[Belfast Confetti, Docker and Dover Beach all offer some commentary on society and its impact on our identity.]

Suffering

William Ernest Henley’s Invictus and RS Thomas’ Here deal with the theme of suffering.

With close reference to the ways each poet uses language, compare and contrast what the speakers in the poems say about how our identity is defined by suffering. You should include relevant contextual material.

Adversity

William Ernest Henley’s Invictus deals with how our identity is defined by adversity. Look again at this poem, and at one other poem from the Identity anthology which also deals with the theme of our identity is defined by adversity.

With close reference to the ways each poet uses language, compare and contrast what the speakers in the poems say about how our identity is defined by adversity. You should include relevant contextual material.

Growing into our Identity

Simon Armitage’s Kid deals with the theme of growing into our identity. Look again at this poem, and at one other poem from the Identity anthology which also deals with the theme of growing into our identity.

With close reference to the ways each poet uses language, compare and contrast what the speakers in the poems say about growing into our identity. You should include relevant contextual material.

[Duffy’s In Mrs Tilscher’s Class or Larkin’s I Remember, I Remember are both good options for this question.]

Sample Essay

Exploring the theme of how we grow into our identity, this essay compares and contrasts Simon Armitage’s “Kid” and Carol Ann Duffy’s “In Mrs Tilscher’s Class”. The response offers some insight into how you might approach this examination question.

Parents

Look again at Genetics by Sinead Morrissey which deals with the theme of how our parents influence our identity, and at one other poem from the IDENTITY anthology which also deals with the theme of how our parents influence our identity.

With close reference to the ways each poet uses language, compare and contrast what the speakers in the poems say about our parents influence our identity. You should include relevant contextual material.

Staying True to your Identity

Invictus by William Ernest Henley explores with how we should stay true to our identity. Look again at this poem, and at one other poem from the Identity anthology which also deals with the theme of how it is important to stay true to your identity.

With close reference to the ways each poet uses language, compare and contrast what the speakers in the poems say about the importance of staying true to your identity. You should include relevant contextual material.

Sample Essay

This essay compares and contrasts “Invictus” and “Effacé” in terms of the importance of staying true to your identity and offers some insight into how you might approach this examination question.

Mothers

Look again at Genetics by Sinead Morrissey and Catrin by Gillian Clarke which both deal with the theme of motherhood.

With close reference to the ways each poet uses language, compare and contrast what the speakers in the poems say about how being a mother shapes their identity. You should include relevant contextual material.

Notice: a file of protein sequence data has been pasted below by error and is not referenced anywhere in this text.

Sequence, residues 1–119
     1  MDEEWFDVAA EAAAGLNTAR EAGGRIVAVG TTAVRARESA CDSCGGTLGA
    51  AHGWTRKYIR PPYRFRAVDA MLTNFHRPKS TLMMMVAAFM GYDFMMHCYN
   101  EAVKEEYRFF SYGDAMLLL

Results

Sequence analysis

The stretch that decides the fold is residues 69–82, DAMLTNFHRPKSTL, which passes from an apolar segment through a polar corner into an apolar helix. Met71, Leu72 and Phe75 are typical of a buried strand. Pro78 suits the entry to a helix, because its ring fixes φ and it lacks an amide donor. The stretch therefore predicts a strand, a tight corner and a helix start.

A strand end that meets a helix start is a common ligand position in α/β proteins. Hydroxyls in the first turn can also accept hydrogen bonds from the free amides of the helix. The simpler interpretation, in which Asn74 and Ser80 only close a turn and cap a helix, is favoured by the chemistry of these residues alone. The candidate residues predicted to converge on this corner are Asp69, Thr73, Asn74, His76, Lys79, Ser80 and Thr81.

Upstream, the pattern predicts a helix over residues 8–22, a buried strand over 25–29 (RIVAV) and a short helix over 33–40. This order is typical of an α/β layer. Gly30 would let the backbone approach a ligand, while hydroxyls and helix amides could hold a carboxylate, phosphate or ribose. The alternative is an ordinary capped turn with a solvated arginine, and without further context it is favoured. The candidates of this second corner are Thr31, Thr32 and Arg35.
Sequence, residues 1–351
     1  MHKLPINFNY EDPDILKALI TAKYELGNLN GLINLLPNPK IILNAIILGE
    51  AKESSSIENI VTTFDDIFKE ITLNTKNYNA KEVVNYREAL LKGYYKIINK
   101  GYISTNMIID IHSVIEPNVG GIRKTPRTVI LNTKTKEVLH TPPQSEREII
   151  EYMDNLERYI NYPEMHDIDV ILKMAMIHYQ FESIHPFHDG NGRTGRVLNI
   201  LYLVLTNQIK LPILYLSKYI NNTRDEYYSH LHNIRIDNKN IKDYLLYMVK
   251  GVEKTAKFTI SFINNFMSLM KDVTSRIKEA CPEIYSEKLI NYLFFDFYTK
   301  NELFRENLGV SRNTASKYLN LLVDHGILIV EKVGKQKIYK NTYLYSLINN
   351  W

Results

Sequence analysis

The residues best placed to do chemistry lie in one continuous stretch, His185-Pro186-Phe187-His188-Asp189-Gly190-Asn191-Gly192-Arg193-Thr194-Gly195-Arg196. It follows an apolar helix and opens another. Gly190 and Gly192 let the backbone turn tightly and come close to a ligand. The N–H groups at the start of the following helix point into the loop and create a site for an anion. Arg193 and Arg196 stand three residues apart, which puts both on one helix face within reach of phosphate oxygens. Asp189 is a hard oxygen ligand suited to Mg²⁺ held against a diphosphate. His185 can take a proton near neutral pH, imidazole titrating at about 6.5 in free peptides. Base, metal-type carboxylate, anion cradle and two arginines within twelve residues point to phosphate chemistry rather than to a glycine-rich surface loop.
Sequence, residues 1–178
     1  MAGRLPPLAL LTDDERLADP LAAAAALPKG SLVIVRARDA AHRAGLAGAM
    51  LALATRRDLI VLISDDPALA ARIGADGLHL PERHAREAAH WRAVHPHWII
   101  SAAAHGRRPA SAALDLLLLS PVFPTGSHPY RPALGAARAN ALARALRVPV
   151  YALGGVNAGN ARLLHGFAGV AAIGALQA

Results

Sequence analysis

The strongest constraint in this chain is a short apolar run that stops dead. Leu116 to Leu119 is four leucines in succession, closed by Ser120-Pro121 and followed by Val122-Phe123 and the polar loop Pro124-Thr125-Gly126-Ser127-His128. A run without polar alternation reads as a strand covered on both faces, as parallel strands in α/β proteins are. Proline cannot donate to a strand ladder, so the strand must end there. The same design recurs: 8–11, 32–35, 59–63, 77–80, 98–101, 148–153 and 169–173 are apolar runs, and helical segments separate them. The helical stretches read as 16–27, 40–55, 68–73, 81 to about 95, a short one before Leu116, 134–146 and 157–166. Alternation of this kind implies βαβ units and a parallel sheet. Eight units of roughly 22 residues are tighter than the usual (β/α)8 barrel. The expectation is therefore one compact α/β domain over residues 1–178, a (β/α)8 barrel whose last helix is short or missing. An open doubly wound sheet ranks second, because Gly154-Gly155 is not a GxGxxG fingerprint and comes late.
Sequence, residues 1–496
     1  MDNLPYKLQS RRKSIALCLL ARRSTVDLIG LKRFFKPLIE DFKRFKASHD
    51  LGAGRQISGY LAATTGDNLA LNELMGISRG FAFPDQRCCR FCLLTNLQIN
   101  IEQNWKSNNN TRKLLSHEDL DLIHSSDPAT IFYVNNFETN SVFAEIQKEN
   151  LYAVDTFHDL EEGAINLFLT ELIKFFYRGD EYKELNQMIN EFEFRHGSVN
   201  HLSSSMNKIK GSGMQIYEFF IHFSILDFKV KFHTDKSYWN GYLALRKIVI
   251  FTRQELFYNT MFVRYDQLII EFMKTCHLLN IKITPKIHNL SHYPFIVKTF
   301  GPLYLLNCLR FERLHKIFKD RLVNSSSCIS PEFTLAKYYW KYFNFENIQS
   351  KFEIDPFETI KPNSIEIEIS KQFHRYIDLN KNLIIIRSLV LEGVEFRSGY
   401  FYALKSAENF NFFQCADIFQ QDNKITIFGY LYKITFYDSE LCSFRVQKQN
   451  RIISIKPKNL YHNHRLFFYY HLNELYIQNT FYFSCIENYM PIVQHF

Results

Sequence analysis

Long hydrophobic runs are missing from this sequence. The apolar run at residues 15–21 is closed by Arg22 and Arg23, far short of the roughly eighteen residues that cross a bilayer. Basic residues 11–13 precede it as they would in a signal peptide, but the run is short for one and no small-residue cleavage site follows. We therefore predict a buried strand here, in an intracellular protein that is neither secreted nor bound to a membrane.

Choices

Look again at Genetics by Sinead Morrissey and The Road Not Taken by Robert Frost which both deal with the theme of choices and their impact on our identity.

With close reference to the ways each poet uses language, compare and contrast what the speakers in the poems say about how our identities are shaped by our choices. You should include relevant contextual material.

Self-awareness

Look again at Here by R. S. Thomas which deals with the theme of self-awareness, and at one other poem from the IDENTITY anthology which also deals with the theme of self-awareness.

With close reference to the ways each poet uses language, compare and contrast what the speakers in the poems say about self-awareness. You should include relevant contextual material.

Childhood

Piano by D.H. Lawrence deals with how our identity is influenced by our memories of childhood. Look again at this poem, and at one other poem from the Identity anthology which also deals with the theme of our identity being influenced by our memories of childhood.

With close reference to the ways each poet uses language, compare and contrast what the speakers in the poems say about identity and the influence of memories of childhood. You should include relevant contextual material.

Faith

Mathew Arnold’s Dover Beach and RS Thomas’ Here deal with the theme of faith.

With close reference to the ways each poet uses language, compare and contrast what the speakers in the poems say about how our faith can define our identity. You should include relevant contextual material.

[This is a tough question.]

Other Themes

There are a number of other themes which could be explored. For example, the speakers in Morrisey’s Genetics and Frost’s The Road Not Taken deliberate over their future. Prejudice, power and joy are possible questions. It would also be interesting to analyse poems in this anthology in terms of how our identities change over time.

If you have any suggestions about other themes which might appear in the exam, please let us know in the comment section below.

Learn More

Thanks for reading!